In 2015, over one million people journeyed to Europe from the Middle East, central Asia and Africa in one of the greatest mass migrations of modern history. Another 280,000 souls have made the monumental exodus so far this year, trekking hundreds of miles through all seasons, risking their lives on flimsy, jam-packed dinghies across the treacherous Mediterranean, or left stranded to await their fate at gridlocked borders. Thousands remain in limbo in refugee camps, with over sixty such sites in Greece alone.

A small camp just outside Filippiada in north western Greece is currently home to 400 of these women, men and children. Given the scale of such a crisis, my vague expectation when I arrived was to find a fairly well-functioning and co-ordinated humanitarian effort, led by international NGOs and supported by volunteers with assigned tasks and roles. I was pretty amazed to discover that untrained volunteers were basically running the show. The organisation and delivery of the daily activities, often meeting frontline and urgent needs, was carried out by people who had arranged to work there on the same ad-hoc, unaffiliated basis as myself, albeit most of them for longer periods. UNHCR had provided the tents for the refugees and had an office on-site, and a couple of international charities made transitory appearances to donate supplies, but as far as I’m aware, I didn’t work with anyone in a professional capacity throughout the entire week.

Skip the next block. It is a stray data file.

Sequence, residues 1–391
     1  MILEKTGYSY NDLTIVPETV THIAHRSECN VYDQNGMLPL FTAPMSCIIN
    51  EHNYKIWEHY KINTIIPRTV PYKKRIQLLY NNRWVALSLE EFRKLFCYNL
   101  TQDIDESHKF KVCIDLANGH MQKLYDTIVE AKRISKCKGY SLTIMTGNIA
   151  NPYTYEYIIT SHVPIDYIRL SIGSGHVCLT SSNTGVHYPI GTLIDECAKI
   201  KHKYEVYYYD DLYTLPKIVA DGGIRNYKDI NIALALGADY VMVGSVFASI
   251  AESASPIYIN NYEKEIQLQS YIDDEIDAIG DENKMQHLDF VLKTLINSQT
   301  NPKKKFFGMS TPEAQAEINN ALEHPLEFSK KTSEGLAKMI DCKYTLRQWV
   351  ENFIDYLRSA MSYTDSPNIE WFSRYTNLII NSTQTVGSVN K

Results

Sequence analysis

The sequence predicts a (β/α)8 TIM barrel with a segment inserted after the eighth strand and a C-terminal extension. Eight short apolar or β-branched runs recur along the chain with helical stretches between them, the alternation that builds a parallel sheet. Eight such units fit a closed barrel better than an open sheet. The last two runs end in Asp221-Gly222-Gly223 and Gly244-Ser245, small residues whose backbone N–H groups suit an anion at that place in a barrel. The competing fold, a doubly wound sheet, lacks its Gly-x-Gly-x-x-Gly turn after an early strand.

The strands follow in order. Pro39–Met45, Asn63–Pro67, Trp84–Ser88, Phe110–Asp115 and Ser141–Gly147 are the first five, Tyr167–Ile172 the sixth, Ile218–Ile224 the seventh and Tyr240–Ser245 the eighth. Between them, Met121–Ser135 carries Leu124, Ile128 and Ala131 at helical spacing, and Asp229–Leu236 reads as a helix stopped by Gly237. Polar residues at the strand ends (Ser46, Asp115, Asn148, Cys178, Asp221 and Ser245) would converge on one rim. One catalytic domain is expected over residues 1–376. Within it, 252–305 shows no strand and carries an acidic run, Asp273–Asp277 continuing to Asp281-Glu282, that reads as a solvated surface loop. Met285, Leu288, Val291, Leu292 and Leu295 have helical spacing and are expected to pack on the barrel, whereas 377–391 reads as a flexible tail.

With an absence of official leadership, it was all hands on deck for the volunteers. I was met off the bus by Colin, a Londoner in his thirties who had arrived with his sister, Megan, two days prior to me, but who had already assumed the role of camp driver because he was the only one with a car. We went virtually straight from there to the local hospital to collect Nasir, a calm and kind-hearted 21 year old from Afghanistan and the sole person at the camp who spoke both English and Farsi. When he wasn’t on one of his countless trips to the hospital to translate between his compatriots and Greek medical staff, he was leading daily English lessons for Afghan women and children in the camp, alongside Lee, a retired Liverpuddlian, who had also only arrived a few days earlier. Nasir told us, casually and matter-of-factly, that he’d walked all the way to Greece in the space of about three months, fearing for his safety at home. His goal is to eventually reach Germany, but he seemed content with the prospect of remaining in Greece if that was not possible. I wasn’t really there long enough to get a sense of the status of individual asylum cases, but even successful ones are long and protracted.